Who should get the Centres money

Written by Nirvikar Singh | Updated: Oct 3 2013, 08:29am hrs
A government is ideally supposed to use tax revenue to provide public goods and services to its citizens, goods that the market cannot do a good job of providing. Tax revenue can also be redistributed to make poorer citizens relatively better off than before government intervention. In a federal country like India, there is the complication of different levels of government, each with its own responsibilities and loci of authority. Because the Centre is more efficient at raising tax revenue, there are provisions for sharing central tax revenue with the states. The 14th Finance Commission is now hard at work on making those sharing decisions. Like its predecessors, it will use a formula justified according to a mix of economic and political logic and of precedent. The Finance Commission is an explicit creature of Indias Constitution.

Less firmly founded in constitutional directives, but more in the middle of political bargaining, the Planning Commission (along with various central ministries) also makes transfers to the states. These are based on more varied and discretionary criteria, with its own modified Gadgil formula playing a relatively small role. The Planning Commission introduced the concept of Special Category states, and has given them a healthy share of the pie that it disburses. These states have been, as a natural consequence of the criteria used, mountainous border states with populations whose ethnicity or religion are not part of the mainstream Indian identity. They were ostensibly compensated for having high cost structures for public good provision, but I have always thought of their shares of the pie partly as payments for sticking with the rest of the nation.

The Special Category designation has bothered the leaders of some bigger, poorer states, which have been demanding to be included in that classification, therefore getting more central money. Many committees have looked into the criteria to be used for such transfers (which are broadly thought of as promoting development) but not made much headway. Hence, a new committee, headed by the ubiquitous Raghuram Rajan, was formed, and has just given its report to the Finance Minister. This committee has created a new index of underdevelopment, combining 10 indicators into this index. In addition to the index, the report also suggested a classification based on levels of development. Indeed, Bihar and Odisha, left out of the Special Category pot, show up as the least-developed. Headlines trumpeted the ranking of Gujarat as less developed, despite its apparent economic success.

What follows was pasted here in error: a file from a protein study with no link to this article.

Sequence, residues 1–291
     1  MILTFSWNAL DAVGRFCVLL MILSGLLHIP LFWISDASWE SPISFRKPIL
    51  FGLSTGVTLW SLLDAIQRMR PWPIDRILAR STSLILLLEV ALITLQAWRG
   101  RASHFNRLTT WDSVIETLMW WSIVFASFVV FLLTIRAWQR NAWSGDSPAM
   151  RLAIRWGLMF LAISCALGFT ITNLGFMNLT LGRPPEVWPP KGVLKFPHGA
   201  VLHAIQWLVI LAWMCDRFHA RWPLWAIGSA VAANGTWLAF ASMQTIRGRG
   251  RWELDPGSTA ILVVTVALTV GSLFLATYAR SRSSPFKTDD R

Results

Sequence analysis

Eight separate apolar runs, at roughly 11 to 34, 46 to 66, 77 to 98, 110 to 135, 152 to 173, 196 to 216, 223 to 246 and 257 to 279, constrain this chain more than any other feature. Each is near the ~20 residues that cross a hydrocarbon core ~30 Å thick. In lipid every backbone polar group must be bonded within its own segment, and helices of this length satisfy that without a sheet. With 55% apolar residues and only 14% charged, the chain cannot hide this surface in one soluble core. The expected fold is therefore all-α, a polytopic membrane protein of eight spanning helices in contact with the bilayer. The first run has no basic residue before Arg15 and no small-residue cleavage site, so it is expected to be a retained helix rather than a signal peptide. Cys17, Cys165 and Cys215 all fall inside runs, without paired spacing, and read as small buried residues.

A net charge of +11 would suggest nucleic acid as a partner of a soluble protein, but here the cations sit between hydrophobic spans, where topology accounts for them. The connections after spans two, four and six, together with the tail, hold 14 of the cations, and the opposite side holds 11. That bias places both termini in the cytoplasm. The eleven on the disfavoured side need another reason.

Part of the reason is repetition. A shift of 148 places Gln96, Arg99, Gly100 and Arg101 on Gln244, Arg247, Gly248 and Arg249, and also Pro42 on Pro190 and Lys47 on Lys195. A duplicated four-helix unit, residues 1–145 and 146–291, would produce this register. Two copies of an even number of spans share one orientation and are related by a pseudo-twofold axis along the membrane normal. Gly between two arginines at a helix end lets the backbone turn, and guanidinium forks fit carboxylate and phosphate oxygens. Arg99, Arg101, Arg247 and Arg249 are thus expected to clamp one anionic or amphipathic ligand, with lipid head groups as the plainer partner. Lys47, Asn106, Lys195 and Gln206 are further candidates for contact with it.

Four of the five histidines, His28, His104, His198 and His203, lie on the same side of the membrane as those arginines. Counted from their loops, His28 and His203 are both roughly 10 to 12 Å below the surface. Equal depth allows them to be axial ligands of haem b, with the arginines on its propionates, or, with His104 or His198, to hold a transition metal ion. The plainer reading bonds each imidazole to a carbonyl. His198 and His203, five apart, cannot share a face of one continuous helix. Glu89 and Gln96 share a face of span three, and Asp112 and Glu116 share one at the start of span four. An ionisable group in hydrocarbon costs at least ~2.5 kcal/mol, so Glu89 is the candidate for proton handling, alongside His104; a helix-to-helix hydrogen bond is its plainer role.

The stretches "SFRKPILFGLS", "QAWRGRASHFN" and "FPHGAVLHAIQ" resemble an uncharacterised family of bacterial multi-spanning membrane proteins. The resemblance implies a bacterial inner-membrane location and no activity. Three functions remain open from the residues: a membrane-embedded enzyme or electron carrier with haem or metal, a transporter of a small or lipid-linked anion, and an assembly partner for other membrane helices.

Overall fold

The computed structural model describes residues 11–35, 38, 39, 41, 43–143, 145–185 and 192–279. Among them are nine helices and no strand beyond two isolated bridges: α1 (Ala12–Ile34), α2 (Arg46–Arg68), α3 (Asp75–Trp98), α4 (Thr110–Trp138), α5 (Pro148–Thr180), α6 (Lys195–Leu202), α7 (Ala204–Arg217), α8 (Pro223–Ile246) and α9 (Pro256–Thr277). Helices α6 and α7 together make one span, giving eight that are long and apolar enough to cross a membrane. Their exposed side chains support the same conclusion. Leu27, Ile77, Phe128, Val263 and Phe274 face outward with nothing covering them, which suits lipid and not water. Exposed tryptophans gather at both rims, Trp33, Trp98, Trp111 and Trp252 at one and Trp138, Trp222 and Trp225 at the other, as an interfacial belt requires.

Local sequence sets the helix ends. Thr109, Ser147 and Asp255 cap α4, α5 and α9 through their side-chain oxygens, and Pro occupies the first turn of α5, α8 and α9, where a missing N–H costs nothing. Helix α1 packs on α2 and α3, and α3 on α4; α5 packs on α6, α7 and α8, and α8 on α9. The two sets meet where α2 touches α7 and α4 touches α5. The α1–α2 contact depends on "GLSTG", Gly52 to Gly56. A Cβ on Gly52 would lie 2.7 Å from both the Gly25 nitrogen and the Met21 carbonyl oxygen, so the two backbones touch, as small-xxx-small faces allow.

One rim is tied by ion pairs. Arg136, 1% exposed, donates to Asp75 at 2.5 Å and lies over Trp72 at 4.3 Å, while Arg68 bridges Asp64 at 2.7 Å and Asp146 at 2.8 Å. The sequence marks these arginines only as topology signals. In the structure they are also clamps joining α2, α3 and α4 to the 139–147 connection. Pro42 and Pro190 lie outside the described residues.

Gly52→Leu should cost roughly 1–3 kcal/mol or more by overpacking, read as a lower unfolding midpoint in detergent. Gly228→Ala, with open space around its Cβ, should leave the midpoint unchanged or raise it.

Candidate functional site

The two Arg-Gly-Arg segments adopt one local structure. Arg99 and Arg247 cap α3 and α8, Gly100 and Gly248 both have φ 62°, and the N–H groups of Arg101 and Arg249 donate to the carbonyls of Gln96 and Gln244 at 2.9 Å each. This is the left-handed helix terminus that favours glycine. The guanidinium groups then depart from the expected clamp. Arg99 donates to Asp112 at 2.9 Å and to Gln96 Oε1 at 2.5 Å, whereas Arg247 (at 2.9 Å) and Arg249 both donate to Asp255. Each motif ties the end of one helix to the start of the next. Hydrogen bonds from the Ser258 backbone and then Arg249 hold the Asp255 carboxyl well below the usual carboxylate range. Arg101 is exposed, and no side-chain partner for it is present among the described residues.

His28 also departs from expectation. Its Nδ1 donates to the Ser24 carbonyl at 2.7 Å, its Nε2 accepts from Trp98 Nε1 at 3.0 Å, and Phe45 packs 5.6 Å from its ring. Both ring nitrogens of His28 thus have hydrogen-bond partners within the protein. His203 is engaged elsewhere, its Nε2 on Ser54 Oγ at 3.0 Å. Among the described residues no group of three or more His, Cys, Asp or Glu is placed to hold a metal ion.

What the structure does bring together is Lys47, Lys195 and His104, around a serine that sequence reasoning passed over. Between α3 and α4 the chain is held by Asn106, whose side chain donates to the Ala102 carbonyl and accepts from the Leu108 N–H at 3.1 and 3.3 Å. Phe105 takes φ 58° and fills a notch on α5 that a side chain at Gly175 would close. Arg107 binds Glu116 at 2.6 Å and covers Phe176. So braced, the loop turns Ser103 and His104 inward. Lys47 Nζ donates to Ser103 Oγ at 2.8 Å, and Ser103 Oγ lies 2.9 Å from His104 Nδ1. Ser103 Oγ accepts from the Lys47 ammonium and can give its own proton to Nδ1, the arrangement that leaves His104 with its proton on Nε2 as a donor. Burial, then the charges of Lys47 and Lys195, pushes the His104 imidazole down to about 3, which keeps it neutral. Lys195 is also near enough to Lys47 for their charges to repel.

As anyone knows, and as a dissenting note in the committee report elucidates, the ranking can be very sensitive to how the index is constructed, and it is not clear that the committee has got everything right, from the point of view of what it was trying to achieve. A detailed conceptual discussion of the index is beyond my scope in this column, but I want to point out a couple of things about the report. First, the report is clear that it is not proposing to replace the entire current system of Centre-state transfers with the new formula, but to add another formula for making such transfers presumably under the existing Planning Commission channel. To my mind, this just adds complexity to an already messy situation. Better to edge the Planning Commission out of this role, let ministries make explicit specific purpose transfers, and give the Finance Commission a bigger role. Better yet, allow states the freedom to piggyback on central taxes such as the individual income tax (this will need a constitutional amendment, of course).

Second, the report notes that Finance Commission transfers are only 54% of total Centre-state transfers (another source says 57%), but of the rest, only a small fraction is governed by the modified Gadgil formula and the boost for Special Category states. But the new index would give much less to the Special Category states, and more to the least-developed states. If this new index is heavily used, it represents a big change. If it is not going to govern a major portion of transfers, then why all the effort To my mind, the new index is trying to make a major conceptual change in how state shares of transfers are done, without adequate contextual positioning.

To sum up, I dont think the new index provides a superior guide for Finance Commission transfers (and is not meant to). But it is also not clearly the right way to go in guiding developmental transfers either. Those should be simpler, project-based, with measurement of concrete outcomes, not based on composite indices. Finance Commission transfers should do a better job of improving horizontal equity across states, but that also should be based on a small number of criteriastates like Bihar and Odisha would still benefit. And Special Category states should stay what they area politically sensitive group of smaller, mainly border states. For rethinking Centre-state transfers, I say, back to the drawing board.

The author is professor of economics at the University of California, Santa Cruz